Rural round-up

March 30, 2018

P****d off Feds want straight thinking – Pam Tipa:

When people say New Zealand should be a leader in agricultural climate change technology and systems, Feds climate change spokesman Andrew Hoggard says he gets “pissed off”.

“We are already a leader, if you look at carbon footprint per km of land or per kilo of milk solids or whatever,” he told Dairy News.

“Most things we produce we are already producing at world’s best or we are setting the target for world’s best. I don’t know how much more of a leader you can be. . .

Methane not a villain:

Many people do not grasp that methane is a short-lived gas that recycles, says Feds climate change spokesman Andrew Hoggard.

This statement in the PCE report is important, he says: “Given its shorter lifetime, emitting methane will not [cause] the same irreversible inter-generational warming that carbon dioxide or the release of nitrous oxide have.”

“It was good to hear that being mentioned,” says Hoggard. . .

Pampered pets push venison prices:

A growing appetite for venison from a booming global pet food market has helped drive autumn venison schedules to record highs.

While schedule prices normally peak in spring, pampered pets have continued to push prices upward to an autumn peak of $11/kg.

Deer Industry New Zealand chief executive Dan Coup said the popularity of venison as a pet food component is driven by a worldwide shift in attitudes towards companion animals from owners who want the best for their pets.

That includes an increasing interest in feeding them natural paleo-type diets. . . 

‘Fitbit for cows’ set to revolutionise beef industry from paddock to plate – Tom major:

An electronic tracking ear tag being developed for cattle could forever change the way graziers manage both livestock and farmland.

Researchers from James Cook University (JCU) in Townsville are collaborating with the Queensland Department of Science, the CSIRO and commercial partner Ceres Tag to adapt GPS technology for small, affordable livestock ear tags.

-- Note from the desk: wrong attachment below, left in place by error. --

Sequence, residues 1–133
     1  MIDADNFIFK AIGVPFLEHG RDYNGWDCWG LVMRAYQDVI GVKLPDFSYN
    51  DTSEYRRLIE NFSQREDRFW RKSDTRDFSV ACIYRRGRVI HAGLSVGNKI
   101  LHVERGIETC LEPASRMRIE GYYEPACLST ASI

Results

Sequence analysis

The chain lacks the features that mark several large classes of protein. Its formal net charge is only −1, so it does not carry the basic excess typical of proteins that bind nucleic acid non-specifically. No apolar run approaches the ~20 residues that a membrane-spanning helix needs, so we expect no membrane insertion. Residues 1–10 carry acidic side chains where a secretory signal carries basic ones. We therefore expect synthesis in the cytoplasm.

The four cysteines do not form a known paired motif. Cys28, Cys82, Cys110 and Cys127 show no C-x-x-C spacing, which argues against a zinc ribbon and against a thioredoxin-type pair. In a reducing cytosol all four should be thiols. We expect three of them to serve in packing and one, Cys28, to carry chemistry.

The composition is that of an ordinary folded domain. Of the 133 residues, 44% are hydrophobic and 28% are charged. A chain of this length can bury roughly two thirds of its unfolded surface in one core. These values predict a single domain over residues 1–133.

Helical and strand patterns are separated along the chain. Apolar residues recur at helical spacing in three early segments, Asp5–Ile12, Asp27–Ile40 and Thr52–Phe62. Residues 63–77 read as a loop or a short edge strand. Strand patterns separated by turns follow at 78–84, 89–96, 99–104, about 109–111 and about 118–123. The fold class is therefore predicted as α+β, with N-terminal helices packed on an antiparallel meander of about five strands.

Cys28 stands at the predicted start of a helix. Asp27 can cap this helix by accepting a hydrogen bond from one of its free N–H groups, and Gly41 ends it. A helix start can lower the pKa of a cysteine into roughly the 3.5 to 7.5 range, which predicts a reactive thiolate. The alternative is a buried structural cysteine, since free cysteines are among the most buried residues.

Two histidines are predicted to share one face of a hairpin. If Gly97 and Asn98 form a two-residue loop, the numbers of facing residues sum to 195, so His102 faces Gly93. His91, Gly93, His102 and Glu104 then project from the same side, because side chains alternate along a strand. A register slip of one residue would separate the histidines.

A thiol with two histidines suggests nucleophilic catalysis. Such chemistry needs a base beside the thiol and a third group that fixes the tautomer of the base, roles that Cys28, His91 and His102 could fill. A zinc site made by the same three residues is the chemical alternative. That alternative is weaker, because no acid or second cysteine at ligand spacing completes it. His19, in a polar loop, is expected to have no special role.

Computational chemistry expert, Ian Atkinson said the project would ultimately enable more accurate assessment of livestock condition. . . 

What if Africa’s farmers had access to needed seed technology? – Gilbert Arap Bor:

We’ve been told by trusted media and researchers that Kenya is on the brink of accepting biotechnology in agriculture.  I’ve said it myself. And now, President Kenyatta appears to be saying the same.  Business Daily recently reported “President Uhuru Kenyatta is betting on mass production of genetically modified cotton to create 50,000 jobs.”  

Another recent report, this one by the Africa Center for Biosciences International (CABI) affirms that “agriculture is essential for sub-Saharan Africa’s economic growth and yet average crop yields in Africa are among the lowest in the world.  Over 80% rely on it but many face challenges in growing sufficient good quality produce”.

True, farmers know that some years are good and some years are bad. . . 

Morrisons promises all lamb sold over Easter will be British – Katie Grant:

Morrisons has pledged that all of the lamb it sells this Easter will be British. The supermarket said it had taken the decision not to offer lamb sourced from New Zealand or Australia over Easter after “listening to customers”.

Supporting British farmers

Over two thirds (68 per cent) of shoppers said they wanted to support British farmers, according to the results of a YouGov poll commissioned by Morrisons last year. . .


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